The Cardiff 10k has been going for 30 years, and is described as a flat, fast course perfect for achieving new PB’s. I didn’t know about fast, but I could get onboard with flat. It had sold out a few weeks prior to the event- 6000 runners total. The race pack arrived within two weeks of the race date, and although at first I was a bit skeptical of the white technical tee design I decided the black and red motif worked well on it. Some people have commented the tees were too short, but the Medium size fit me okay, if a little bit baggy.

There was one thing about the race that was filling me with dread though. A ruling that had been announced a few weeks before:


No music? NO MUSIC?!? No steady paced, calmly assured Clubbed To Death by Rob Dougan? No unapologetic cheese Try Everything from Zootopia? NO ROCKY 2 THEME TUNE?!?!?!

My run training was now No Headphones Training. I went out and ran a 10k in 1hour 5 minutes. Alright, but no closer to my goal. I started running all run club sessions without headphones. I soon learnt that listening to fellow runners conversations on steady runs is just as good as music, even better if I had enough breath to join in. Headphones are pointless on the speed sessions. I couldn’t register music or much of anything else after 200m sprints.

Race Day

The start of the race was outside the museum, an easy walk from my house, so I showed up, dropped my bag off and posed with CDF for this great photo:


It was very crowded, so I found a small side street around the back of the museum to warm up before the race. I learnt a powerful lesson that day.

Don’t run races in new untested clothing.

I had bought some new, colourful leggings on sale, and whilst I had run in them before, never a 10k, and more pressingly, I hadn’t worn them since their first wash. I remember the horror, the drop of cold dead weight in my stomach when I started doing some high knees during my warm up and the leggings immediately started sinking to the floor. I hitched them up, I did more high knees, they fell. I sprinted to one end of the street, they nearly took my pants with them. Less than 10 minutes before the race. Oh shit. I wildly searched around for a pair of running tights that someone might have casually discarded nearby, of course there were none. The thought of trying to do a 10k race whilst continuously holding up my waistband was scaring me. Was getting a new PB out the window now? Should I call it a day? Should I just let them fall down and penguin waddle the whole damn thing?

No. Of course not. I hitched them up HIGH, I folded the waist band DOWN, I peeled the bottom part of the leggings up over my knees. I warmed up. I got sweaty. They started to stick to the sweat glue, the folded over waistband acted like a kind of belt. That seemed to be holding them in place. Time was up anyway. It was time to run!

The waiting in line bit just before a race is always exciting, nerve-wracking and pee-needing. Luckily after the legging debacle there wasn’t much time to process all of that before the klaxon had sounded. I was much positioned quite near the front and it didn’t seem long before I was over the start line and off.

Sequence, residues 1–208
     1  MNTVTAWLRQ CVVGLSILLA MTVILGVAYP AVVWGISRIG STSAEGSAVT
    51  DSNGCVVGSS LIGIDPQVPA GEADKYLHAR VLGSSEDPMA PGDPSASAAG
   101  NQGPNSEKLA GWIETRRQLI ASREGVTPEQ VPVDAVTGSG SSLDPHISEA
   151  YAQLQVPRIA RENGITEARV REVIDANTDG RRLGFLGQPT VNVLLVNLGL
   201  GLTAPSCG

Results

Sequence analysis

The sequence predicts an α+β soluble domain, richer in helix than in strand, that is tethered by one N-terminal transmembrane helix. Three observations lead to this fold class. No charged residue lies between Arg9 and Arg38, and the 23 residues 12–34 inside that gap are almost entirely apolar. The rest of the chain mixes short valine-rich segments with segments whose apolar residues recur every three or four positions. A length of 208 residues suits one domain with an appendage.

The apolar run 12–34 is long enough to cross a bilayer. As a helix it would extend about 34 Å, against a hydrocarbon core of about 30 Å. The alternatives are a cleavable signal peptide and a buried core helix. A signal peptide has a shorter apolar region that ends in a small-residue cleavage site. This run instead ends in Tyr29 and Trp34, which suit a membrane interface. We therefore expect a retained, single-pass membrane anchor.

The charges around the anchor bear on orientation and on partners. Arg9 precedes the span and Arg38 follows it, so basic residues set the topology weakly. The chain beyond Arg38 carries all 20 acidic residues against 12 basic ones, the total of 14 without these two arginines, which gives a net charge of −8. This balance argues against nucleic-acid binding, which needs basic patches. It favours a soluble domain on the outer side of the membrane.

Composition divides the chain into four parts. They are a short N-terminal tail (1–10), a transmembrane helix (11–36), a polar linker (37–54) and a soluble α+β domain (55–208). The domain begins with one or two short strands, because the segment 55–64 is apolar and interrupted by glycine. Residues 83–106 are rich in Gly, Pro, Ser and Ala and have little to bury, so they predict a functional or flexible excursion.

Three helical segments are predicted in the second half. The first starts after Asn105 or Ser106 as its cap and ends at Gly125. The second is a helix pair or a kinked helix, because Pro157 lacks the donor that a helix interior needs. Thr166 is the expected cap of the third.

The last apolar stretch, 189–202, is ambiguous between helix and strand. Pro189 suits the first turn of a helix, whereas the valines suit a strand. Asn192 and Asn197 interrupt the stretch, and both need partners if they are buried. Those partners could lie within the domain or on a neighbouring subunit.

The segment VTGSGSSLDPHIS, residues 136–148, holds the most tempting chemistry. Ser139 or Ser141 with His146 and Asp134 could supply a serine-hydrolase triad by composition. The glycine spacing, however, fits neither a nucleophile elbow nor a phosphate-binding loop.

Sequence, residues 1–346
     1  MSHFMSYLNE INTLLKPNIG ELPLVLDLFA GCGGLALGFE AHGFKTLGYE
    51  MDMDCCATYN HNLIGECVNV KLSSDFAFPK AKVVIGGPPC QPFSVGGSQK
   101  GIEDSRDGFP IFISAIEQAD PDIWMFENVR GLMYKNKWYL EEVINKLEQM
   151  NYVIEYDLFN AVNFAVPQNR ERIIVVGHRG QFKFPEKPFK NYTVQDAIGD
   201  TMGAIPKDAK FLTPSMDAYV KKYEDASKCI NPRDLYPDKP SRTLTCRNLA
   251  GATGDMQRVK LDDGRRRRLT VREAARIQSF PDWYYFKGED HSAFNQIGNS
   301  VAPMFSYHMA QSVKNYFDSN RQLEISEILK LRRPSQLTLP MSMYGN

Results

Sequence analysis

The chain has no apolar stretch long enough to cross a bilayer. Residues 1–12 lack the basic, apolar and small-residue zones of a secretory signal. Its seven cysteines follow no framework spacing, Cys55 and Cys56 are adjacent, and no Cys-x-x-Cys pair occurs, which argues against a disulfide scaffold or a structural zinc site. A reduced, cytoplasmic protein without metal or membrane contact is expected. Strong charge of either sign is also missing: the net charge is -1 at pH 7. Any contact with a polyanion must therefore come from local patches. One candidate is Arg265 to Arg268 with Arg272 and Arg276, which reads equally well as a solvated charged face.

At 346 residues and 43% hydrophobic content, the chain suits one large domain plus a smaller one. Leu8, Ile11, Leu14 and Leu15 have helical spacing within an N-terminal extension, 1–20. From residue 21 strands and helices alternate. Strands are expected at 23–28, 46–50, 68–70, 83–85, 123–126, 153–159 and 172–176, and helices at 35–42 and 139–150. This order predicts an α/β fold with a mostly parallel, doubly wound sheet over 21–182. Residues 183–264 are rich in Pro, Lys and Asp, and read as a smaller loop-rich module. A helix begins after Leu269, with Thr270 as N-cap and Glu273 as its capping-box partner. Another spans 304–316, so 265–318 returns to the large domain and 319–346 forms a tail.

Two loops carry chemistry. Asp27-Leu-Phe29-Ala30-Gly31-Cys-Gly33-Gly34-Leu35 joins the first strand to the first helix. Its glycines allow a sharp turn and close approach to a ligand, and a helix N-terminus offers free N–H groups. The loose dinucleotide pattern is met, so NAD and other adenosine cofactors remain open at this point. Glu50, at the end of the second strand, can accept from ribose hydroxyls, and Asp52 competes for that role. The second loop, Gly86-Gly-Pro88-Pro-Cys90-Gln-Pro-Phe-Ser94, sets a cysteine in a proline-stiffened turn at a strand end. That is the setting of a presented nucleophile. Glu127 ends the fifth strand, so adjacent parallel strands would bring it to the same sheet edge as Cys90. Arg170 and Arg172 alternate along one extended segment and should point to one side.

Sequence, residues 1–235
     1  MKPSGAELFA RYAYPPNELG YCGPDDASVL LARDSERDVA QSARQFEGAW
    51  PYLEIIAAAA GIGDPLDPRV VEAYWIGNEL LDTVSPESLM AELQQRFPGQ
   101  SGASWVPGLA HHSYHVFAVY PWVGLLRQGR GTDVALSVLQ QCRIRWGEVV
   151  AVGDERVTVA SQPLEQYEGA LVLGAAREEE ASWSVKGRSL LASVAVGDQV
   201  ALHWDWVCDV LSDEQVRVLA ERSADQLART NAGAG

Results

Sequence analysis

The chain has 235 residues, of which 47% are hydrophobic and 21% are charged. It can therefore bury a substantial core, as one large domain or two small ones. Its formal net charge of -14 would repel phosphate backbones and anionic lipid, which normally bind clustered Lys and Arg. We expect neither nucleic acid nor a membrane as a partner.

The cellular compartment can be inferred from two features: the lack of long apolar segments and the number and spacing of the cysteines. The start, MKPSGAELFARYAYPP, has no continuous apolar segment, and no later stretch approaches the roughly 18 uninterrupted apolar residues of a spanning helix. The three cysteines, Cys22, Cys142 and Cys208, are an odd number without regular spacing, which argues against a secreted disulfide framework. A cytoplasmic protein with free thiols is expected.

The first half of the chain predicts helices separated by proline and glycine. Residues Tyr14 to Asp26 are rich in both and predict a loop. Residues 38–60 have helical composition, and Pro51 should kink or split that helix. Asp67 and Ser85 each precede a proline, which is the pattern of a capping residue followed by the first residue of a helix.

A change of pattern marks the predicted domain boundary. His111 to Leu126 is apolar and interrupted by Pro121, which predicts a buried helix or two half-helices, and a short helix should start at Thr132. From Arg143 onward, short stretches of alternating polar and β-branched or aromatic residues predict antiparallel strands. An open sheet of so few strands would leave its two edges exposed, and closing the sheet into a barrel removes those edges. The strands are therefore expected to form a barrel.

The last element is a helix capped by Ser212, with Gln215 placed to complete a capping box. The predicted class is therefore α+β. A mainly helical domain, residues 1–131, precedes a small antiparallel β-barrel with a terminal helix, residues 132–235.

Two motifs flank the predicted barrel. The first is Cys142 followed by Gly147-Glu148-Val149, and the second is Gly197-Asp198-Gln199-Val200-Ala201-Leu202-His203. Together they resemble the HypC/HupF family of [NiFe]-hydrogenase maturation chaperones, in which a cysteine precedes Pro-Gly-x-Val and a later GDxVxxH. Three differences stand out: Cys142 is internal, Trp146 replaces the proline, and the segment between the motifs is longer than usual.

The first 2k I let the excitement get the better of me, and I set off too fast. But once I was out of the main crowd I felt myself slow down, and I concentrated on running at  pace where my breathing wasn’t getting ahead of me. One of the CDF runners had told me for races she uses a trick borrowed from Paula Radcliffe: Count to 100, not in time with your breathing or anything, just count, and when you get there, start from 0 and count up to 100 again. I started counting at around the 4k mark, although I wasn’t feeling too bad I welcomed something to focus on.

The route was flat, as promised, and the crowds were spread pretty evenly throughout the whole race. I was so focused on the counting that I didn’t really register much of the crowd encouragement, though of course it was very appreciated. A runner behind me was whooping and yelling and cheering much more than the crowd, almost bullying them if she spotted anyone not clapping. It made me smile and kept my spirits up.

I started to hate running about 7k in. 7k is when it gets tough for me. We went past the castle, and although the spectator crowd was thickening on the way to the end of the race, so was the pain. (Pain thickening? I don’t know, go with it.) Once we got back into Bute Park for the last 2k I was holding on to the count-to-100 method for dear life, but messing it up and forgetting how to count a lot.

The last stretch I hoped I would have some gas left in the tank to go full speed over the finish line, but when I turned the corner the finish line was SO far away. I had started speeding up but soon pulled back a bit, so I could get a good speed across the finish line later down the road.

As I entered that last jubliant 0.10k of the race, my face fell ever so slightly as I saw the clock as I passed the finish line. 1:00:20 . So close, yet so far! Still, a new 10k record, and without the mental buoyancy aid of music.

Here’s some photos of the race, courtesy of me and fellow CDF runners: